Inside OSU basketball: Lineups, freshmen, Pac-12 at a glance
Published: Wednesday, November 28, 2012
Updated: Wednesday, November 28, 2012 01:11
Before turning our attention toward Friday’s game against No. 10 Kansas in Kansas City, let’s address a few midweek items for the Oregon State men’s basketball team.
As one might imagine, the majority of the storylines center around the loss — and ensuing trickle-down effect — of senior center Angus Brandt to a torn anterior cruciate ligament.
• The first thing most people wanted to know after the announcement that Brandt would miss the remainder of the season was who head coach Craig Robinson would insert into the starting lineup.
We got our first answer Sunday, when freshman forward Jarmal Reid started alongside guards Roberto Nelson and Ahmad Starks, and forwards Joe Burton and Eric Moreland.
Devon Collier, the Beavers’ second leading scorer, came off the bench. Robinson has said he’ll experiment with both Reid and sophomore guard Challe Barton starting because he likes to have a scorer like Collier come off the bench — a la Calvin Haynes two years ago and Nelson last year.
That will work against teams like Montana State — teams OSU doesn’t necessarily need a fast start against.
But I don’t think OSU can afford not to start its best lineup against a team like Kansas. There’s the chance OSU could fall behind by double digits before Collier even gets the chance to enter the game, which is why I think we’ll eventually see Collier in the starting five by the time Pac-12 play begins.
Friday will be our first indicator of whether Robinson agrees with me on that front.
• One thing I’ve been keeping an eye on, and will continue to keep an eye on, is how Robinson uses his freshmen.
Obviously, the injury to Brandt thrust Reid — the Beavers’ fourth forward — to the front of the freshmen pecking order. Reid played just seven minutes Sunday, but that’s because he twisted his ankle during the game. He’s expected to play Friday, and I think he’ll continue to get the most minutes of any freshman.
Freshman guard Langston Morris-Walker appears to have worked his way into the rotation, getting at least 10 minutes in each of the past two games. He told me that the coaches told him he’s essentially the Beavers’ eighth man.
Against Purdue, Robinson inserted Morris-Walker into the game for Nelson on several key defensive possessions late in the game. Part of me thinks that was Robinson’s way of sending a message to Nelson, who’s struggled on the defensive end at times. But, part of me thinks the late-game defense-for-offense substitution pattern is something we’ll see throughout the year. Either way, it shows Robinson thinks highly of Morris-Walker’s defensive abilities.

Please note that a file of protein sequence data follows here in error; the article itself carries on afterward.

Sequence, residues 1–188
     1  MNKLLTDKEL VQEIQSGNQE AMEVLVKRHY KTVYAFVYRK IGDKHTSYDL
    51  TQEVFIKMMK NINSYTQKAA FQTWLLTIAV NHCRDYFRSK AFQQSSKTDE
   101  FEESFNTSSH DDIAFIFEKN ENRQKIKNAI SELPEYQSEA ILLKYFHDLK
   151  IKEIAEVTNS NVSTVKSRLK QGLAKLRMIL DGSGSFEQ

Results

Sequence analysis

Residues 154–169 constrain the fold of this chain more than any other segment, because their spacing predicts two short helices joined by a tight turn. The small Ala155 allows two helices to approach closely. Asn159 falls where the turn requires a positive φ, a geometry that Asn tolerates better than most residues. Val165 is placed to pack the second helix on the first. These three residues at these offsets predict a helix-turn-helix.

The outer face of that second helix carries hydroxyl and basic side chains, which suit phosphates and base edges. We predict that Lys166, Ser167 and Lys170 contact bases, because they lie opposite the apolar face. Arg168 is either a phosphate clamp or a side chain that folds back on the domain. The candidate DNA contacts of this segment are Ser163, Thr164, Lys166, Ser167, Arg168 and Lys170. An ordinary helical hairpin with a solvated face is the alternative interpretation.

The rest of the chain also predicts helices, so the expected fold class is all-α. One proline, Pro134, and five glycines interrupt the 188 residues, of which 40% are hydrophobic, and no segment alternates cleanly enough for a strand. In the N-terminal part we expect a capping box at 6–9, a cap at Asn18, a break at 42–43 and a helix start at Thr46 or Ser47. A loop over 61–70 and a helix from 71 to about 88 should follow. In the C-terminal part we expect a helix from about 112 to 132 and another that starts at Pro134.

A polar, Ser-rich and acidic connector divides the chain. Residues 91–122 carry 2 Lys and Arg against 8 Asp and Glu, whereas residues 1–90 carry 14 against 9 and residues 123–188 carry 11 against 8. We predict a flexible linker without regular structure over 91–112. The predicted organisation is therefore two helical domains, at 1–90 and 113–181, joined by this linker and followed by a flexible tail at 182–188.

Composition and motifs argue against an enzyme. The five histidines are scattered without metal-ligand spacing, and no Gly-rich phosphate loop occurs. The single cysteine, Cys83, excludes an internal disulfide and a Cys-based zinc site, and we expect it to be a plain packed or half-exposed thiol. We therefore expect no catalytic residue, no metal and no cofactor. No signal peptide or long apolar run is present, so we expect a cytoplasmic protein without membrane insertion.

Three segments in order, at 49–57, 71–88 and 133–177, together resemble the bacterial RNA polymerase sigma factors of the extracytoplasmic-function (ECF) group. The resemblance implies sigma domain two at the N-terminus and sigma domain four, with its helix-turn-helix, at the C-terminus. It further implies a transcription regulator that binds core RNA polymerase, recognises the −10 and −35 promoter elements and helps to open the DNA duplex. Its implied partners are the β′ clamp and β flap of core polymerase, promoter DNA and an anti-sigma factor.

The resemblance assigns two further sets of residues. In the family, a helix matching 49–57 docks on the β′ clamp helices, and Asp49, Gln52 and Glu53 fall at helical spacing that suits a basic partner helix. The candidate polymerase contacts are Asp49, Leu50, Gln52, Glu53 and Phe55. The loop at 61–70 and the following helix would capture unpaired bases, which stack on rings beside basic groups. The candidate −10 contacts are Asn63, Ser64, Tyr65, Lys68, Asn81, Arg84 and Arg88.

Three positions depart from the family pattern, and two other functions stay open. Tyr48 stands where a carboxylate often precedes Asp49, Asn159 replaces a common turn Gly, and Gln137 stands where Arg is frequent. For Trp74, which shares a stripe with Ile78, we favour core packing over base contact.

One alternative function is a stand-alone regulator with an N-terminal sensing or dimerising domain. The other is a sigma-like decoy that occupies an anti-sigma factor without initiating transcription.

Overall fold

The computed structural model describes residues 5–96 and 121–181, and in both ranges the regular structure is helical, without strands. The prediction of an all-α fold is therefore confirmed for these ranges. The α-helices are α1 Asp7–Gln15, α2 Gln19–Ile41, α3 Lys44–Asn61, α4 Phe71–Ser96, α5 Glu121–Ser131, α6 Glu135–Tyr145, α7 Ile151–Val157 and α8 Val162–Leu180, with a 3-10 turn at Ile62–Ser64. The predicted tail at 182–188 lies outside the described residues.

Freshman forward Olaf Schaftenaar had a nice showing Sunday, scoring nine points on 3-of-8 shooting from 3-point territory. Schaftenaar is another guy who will see more minutes with Brandt out, as the Beavers sorely need someone outside of Nelson and Starks who can knock down outside shots. Before the season, Robinson said Schaftenaar was the Beavers’ fourth best outside shooter, behind Starks, Nelson and Brandt.
Freshman guard Victor Robbins has gotten the least game time, and didn’t help himself with two turnovers in two minutes against Purdue, but obviously that could change as he still has plenty of time to earn the coaches’ trust.
• I think Robinson will, and should, use more three-guard lineups with Brandt out of the equation.
Against Montana State, the Beavers used a three-guard lineup for a total of 9:41, all in the second half, including the last 7:25 of the game when OSU had a comfortable lead.
• On a non-lineup related note, it’s important to track the success (or lack-there-of) of teams around the Pac-12 during nonconference play.
Last year, the Pac-12 was atrocious during nonconference, and that came back to haunt the conference on Selection Sunday when only one Pac-12 team received an at-large bid. Washington, the regular-season conference champions with a 14-4 record, didn’t get an invite to the tournament.
If the Beavers want any hope of receiving an at-large bid — yes, that’s a long way off, but whatever — they better hope they have a few chances for quality wins versus ranked opponents during conference play.
So far, I’d give the Pac-12 a “B-” in nonconference.
Arizona, ranked No. 9 in this week’s Associated Press poll, and Colorado (No. 19), have been solid thus far. The Buffaloes already have notched big wins over then-No. 16 Baylor and Murray State.
Oregon, which received votes in this week’s AP poll, has also been a pleasant surprise for the conference, having defeated then-No. 18 UNLV in Las Vegas, Nev., last week. Undefeated California has beaten everyone it should have beaten, and received votes this week as well.
UCLA has been, without question, the biggest disappointment. The Bruins have a bunch of really good freshmen and began the year ranked No. 13, but have lost to two unranked opponents: Georgetown and Cal Poly. The Cal Poly loss was inexcusable, as UCLA blew an 18-point second-half lead. Those are the kinds of losses the Pac-12 cannot afford to have during nonconference if it wants national respect.
So, while you’re on winter break, keep an eye on the results around the Pac-12; They matter more than you probably realize.
Grady Garrett, managing editor